Post by Brandon Joyce
Installation shot from Collections Show at Copy. Image features Neon Pink Things collected by Callie Konane Rickards (center), Andrew Jeffrey Wright‘s Family Circus books collection (left) and Erica Prince’s Best Friends photos collection (right)
This month, at Copy Gallery, Luren Jenison curated a Collections Show, with entries gathered from the private caches of various New York and Philadelphia obsessives. Slews of ski masks, records, stationery, squeaky toys, succulents, weirdo children’s videos, Family Circus Books— pinned up and spread out like cases of dried butterflies.
Three or four entries, in particular, really rang with earnest obsession. Leslie Rogers has been, for some time now, in love with the brown paper bag. She hoards them, saves names and bag-bottoms, follows news in the industry, tabs them with spreadsheets and manila folders, and even makes her own, Leslie Rogers-brand paper bags wholly from scratch. The names on the bottoms, she tells me, refer not to companies or facilities, but to living individuals. They are signatures; team leaders of quality control, perhaps. This is what initially intrigued her about the brown paper bags. The facture as much as manufacture.
And to the right, stands a collection of 20th century beer cans, in varying stages of decomposition, by PaintCo, on a rack lovingly built to purpose. A white can generically labeled Beer sits a few shelves above its cousin, Lite Beer. A few cans have imploded into little aluminum supernovae or mangled rust-bunnies. Others are just pleasing as reminders of by-gone design sensibilities.
I stared over the collections and thought: there should be a gallery— or a micromuseum— dedicated to a weekly rotation of these kinds of collections. Curio-cabinets of human fixations. The public would never tire of it.
K-Fai Steele‘s collection of office stationary gathered from her temp jobs in New York from 2004-2007.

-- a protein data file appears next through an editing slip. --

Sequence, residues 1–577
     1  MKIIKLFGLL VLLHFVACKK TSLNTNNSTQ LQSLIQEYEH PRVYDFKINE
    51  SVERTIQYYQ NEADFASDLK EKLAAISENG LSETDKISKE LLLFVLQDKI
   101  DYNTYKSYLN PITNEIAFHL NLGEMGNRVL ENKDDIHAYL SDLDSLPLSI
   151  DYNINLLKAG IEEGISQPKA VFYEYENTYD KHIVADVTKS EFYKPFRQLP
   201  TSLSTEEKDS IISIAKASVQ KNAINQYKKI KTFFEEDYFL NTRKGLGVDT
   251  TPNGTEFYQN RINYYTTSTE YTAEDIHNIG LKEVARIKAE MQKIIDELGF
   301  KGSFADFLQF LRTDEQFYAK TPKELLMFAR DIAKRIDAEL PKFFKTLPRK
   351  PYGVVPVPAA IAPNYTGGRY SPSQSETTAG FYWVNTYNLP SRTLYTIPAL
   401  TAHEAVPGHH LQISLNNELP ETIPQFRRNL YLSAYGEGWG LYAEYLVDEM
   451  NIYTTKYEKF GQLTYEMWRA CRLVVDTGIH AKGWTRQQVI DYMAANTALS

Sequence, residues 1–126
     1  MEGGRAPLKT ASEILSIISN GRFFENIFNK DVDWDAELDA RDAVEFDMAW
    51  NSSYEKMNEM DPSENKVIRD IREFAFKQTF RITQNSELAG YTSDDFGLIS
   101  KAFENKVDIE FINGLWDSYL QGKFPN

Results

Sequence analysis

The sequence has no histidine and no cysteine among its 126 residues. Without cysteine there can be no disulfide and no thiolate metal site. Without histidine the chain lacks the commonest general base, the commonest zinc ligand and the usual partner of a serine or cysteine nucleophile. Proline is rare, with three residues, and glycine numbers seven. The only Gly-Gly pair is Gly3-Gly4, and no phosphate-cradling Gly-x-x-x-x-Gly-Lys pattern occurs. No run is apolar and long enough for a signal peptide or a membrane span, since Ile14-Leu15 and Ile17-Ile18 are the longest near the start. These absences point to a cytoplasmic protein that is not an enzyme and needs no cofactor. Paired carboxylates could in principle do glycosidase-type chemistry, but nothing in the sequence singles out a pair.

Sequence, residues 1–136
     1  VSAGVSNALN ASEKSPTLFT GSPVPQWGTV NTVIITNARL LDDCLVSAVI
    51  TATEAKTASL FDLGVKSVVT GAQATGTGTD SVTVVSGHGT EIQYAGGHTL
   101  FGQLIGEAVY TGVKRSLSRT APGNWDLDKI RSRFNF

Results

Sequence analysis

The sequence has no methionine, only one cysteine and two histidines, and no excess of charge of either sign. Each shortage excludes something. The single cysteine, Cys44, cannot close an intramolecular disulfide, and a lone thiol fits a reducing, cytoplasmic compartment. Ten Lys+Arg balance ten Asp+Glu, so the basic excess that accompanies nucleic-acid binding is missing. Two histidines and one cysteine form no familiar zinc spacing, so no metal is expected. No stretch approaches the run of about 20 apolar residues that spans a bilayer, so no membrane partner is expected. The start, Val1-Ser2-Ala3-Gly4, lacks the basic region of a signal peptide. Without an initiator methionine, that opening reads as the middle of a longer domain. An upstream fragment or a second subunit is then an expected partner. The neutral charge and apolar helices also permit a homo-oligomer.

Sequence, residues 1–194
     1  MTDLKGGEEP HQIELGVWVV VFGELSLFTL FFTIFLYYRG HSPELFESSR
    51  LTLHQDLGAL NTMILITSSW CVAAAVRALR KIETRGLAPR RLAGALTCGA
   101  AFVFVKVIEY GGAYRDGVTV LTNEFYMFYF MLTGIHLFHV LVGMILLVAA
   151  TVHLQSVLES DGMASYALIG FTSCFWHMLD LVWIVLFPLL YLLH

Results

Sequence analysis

What is so transfixing about these fixations? Partially, there’s the raw archaeology of it all. The strict taxonomies. The old questions answered. A recent girlfriend of mine, for instance, would always stumble across brown paper bags imprinted with her surname, Salazar. And now, thanks to Rogers’ dogged investigations, I can trace the origins back to Elizabeth, New Jersey, straight back to the Duro Bag Corporation. Or, through beer cans bent and perforated into drug paraphernalia, I get a better picture of tribal practices in Providence, Rhode Island, during the year 1986. I understand the whole of culture better through some of its smaller parts — tiny pockets of my environment, newly illuminated.
But the Mind of the Collector is what really gets me; the genesis of these desires. Every collection has its story, usually with a pretty casual beginning. An initial find, followed by a close match, and then another, then another… until the collector develops an eye for the item; a connoisseurship that wants nothing more than to showcase them in all their pleasing, candy-aisle variety. Adam Wallacavage‘s Squeaky Toy collection comes to mind, or Jenison’s own accumulation of colorful, plastic-wrapped wine bottles. The desire is contingent, weird, and so specific that it seems to land the collector somewhere on the Aspberger’s spectrum.
Installation shot featuring the author of this post under Ben Peterson‘s ski mask collection and an example of Alexandra Segreti’s hand-painted movie poster collection. Left is Erica Prince’s best friends collection.
Nevertheless, it is no less real or wonderfully compulsive for the collector. Everyday vision switches into new, adoring detail. The collector gets this white-hot desire for something previously so undesirable, for the seemingly stupid and undeserving. PaintCo recalls “I started to be able to predict where I could find really good can deposits. Down in the woods. Places that seemed right. I learned all about the different brewing companies, and could tell the year by the size of the openings. I had this idea that the more you searched for something, the more it revealed itself.”
The nice thing about the Collections Show is that it allows us to see the social utility of our imbalanced fascinations. It welcomes obsession; rather than the proportional, reasonable, and loveless way in which we usually hoard our everyday artifacts.
Luren Jenison’s collection of plastic cord wrapped wine bottle collection. The show’s curator, one of Copy Gallery’s founders, did a wonderful annotated list for the show. She wrote about her own collection as well: I started finding these neon plastic wrapped wine bottles in thrift stores in North Philly while shopping for stuff for work. The first time I found one I couldn’t believe it was real — so neon and intricate. Then I kept finding more and more. I have tried to figure out where they are from and who is making them. At first I thought it was some crazy lady in her row house who substituted macrame or needlepoint for this wine bottle wrapping. But as I found more in different places, I have clues to lead me to believe that they are from a specific table wine vintner in Spain.